2.2.1.4   Monthly Non-Storm Water Elevation and Flow Analyses for Upper Niagara River

The 1991-2002 gauge data for the upper river were further analyzed by removing data recorded during “significant” storm events and then identifying maximum and minimum water elevations for each month during typical, wet, and dry years.  These analyses provided an opportunity to evaluate potential effects of water level and flow fluctuations on habitats during any month of the year.  The procedures used to complete these analyses and the results are described below. 

In terms of river flow conditions, 1995 was a comparatively “typical” year, 1997 was a “wet” year, and 2001 was a “dry” year.  Of the 12 years (1991 - 2002) of data that were analyzed in the water level and flow fluctuation report (URS et al. 2005a), the average river flow at Fort Erie was 212,723 cfs.  In 1995, the average hourly flow in the Niagara River at Fort Erie was approximately 212,668 cfs.  In 1997, the average hourly flow was approximately 243,000 cfs, and for 2001 the value was approximately 186,000 cfs.

In order to determine the effect of combined Canadian and NYPA hydroelectric operations on Niagara River water levels, significant wind events were identified and sorted from the data.  Storm events were selected by analyzing wind data at Buffalo Niagara International Airport for 1995, 1997, and 2001 and corroborating those data with flow conditions observed at the Fort Erie gauge.  Identification of the “significant” storm events to exclude was based on engineering judgment of the wind’s effect on water level and stream flow.  Significant wind events were defined as those that caused changes in flow on the order of 25,000 to 50,000 cfs per day or a change in water level at Fort Erie greater than 2 feet per day.  The water level data were then analyzed without the significant storm events to determine the effect of Canadian and NYPA hydroelectric operations and other less significant factors.  This approach to determine the effects of power operations on water levels in the upper Niagara River was considered conservative, as it is not possible to separate other factors that contribute to changes in water levels such as small wind effects, boat waves and local environmental conditions.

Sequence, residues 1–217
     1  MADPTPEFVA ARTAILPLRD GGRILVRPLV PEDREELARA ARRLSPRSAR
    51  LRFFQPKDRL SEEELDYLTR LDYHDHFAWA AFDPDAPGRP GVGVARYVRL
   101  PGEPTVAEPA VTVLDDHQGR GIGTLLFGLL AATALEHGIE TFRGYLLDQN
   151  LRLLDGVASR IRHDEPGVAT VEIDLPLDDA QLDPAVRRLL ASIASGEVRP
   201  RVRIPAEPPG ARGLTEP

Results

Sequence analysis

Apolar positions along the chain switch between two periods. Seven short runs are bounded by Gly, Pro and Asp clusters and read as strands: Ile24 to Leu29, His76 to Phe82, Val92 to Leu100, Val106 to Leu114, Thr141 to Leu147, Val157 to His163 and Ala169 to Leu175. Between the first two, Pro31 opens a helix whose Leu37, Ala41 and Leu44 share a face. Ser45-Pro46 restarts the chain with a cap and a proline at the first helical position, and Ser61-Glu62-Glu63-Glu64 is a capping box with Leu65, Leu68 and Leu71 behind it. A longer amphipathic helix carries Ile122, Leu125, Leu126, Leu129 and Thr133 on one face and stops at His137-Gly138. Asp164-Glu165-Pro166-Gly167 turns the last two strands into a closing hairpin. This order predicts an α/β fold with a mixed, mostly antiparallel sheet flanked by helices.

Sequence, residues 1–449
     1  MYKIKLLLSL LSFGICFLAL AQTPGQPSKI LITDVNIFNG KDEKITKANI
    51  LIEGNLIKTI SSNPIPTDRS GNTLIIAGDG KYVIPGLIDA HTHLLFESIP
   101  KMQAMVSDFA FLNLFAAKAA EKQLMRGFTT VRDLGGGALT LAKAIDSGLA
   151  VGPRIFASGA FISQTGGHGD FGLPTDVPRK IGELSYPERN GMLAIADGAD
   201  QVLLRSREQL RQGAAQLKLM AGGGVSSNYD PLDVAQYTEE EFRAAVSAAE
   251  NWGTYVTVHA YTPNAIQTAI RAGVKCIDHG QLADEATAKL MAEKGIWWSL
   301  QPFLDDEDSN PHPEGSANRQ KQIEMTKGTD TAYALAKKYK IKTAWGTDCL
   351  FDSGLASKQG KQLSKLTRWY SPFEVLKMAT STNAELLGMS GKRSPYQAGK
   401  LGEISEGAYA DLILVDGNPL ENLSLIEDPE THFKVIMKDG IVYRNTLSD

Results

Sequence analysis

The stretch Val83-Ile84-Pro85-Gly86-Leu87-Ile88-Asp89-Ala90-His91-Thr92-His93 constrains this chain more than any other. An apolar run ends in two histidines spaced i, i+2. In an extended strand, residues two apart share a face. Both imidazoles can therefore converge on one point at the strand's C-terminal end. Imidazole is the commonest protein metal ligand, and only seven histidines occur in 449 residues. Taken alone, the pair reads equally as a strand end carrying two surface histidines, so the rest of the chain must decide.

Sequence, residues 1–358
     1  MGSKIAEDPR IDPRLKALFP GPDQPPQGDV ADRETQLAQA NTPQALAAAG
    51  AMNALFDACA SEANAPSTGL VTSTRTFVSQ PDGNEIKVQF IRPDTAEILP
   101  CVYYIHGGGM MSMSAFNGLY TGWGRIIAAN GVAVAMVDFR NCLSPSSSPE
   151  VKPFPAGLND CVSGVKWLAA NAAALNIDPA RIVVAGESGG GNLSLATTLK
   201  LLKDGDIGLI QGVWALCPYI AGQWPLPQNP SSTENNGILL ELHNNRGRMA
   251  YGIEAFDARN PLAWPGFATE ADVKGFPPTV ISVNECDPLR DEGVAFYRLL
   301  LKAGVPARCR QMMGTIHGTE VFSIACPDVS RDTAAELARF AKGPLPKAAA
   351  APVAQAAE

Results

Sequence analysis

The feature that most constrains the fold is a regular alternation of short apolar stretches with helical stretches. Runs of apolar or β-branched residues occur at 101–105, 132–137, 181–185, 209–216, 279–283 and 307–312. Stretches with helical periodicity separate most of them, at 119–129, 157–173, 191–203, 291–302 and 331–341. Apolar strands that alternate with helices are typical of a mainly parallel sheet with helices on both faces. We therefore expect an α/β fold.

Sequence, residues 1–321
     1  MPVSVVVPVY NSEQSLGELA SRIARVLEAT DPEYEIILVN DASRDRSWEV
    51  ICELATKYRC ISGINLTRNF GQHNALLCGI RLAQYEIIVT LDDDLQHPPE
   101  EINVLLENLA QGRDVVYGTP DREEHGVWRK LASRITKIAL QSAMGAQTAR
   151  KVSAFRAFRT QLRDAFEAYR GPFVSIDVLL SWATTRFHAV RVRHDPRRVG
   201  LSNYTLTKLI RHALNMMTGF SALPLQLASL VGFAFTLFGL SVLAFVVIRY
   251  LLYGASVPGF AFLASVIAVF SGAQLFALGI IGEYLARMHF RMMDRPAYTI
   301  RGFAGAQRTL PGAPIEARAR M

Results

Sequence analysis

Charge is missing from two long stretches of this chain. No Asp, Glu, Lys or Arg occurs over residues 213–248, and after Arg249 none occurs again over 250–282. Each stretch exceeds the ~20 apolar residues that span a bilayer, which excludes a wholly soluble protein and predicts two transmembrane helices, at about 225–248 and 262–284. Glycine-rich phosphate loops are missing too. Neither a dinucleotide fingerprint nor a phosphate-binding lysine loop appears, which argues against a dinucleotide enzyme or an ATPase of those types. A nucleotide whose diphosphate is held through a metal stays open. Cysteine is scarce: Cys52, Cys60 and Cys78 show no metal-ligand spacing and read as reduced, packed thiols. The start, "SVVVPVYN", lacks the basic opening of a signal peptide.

It is important to note that it is not possible to completely isolate the effects of power operations on water levels in the upper Niagara River, as there is usually some wind activity on Lake Erie.  The analysis completed by URS et al. (2005a) was a conservative estimate of the effect due to NYPA and OPG power operations.  Tables 2.2.1.4-1, 2.2.1.4-2, and 2.2.1.4-3 were created to show the monthly maximum and minimum water elevations, as well as differences between those elevations, during “non-significant storm” periods at several gauges in the upper Niagara River for 1995, 1997 and 2001, respectively.  Information from these tables was used to characterize water level fluctuation at different locations in the upper Niagara River.  These fluctuations are due to a combination of smaller natural events in the river and Lake Erie as well as NYPA and OPG power generation (URS et al. 2005a).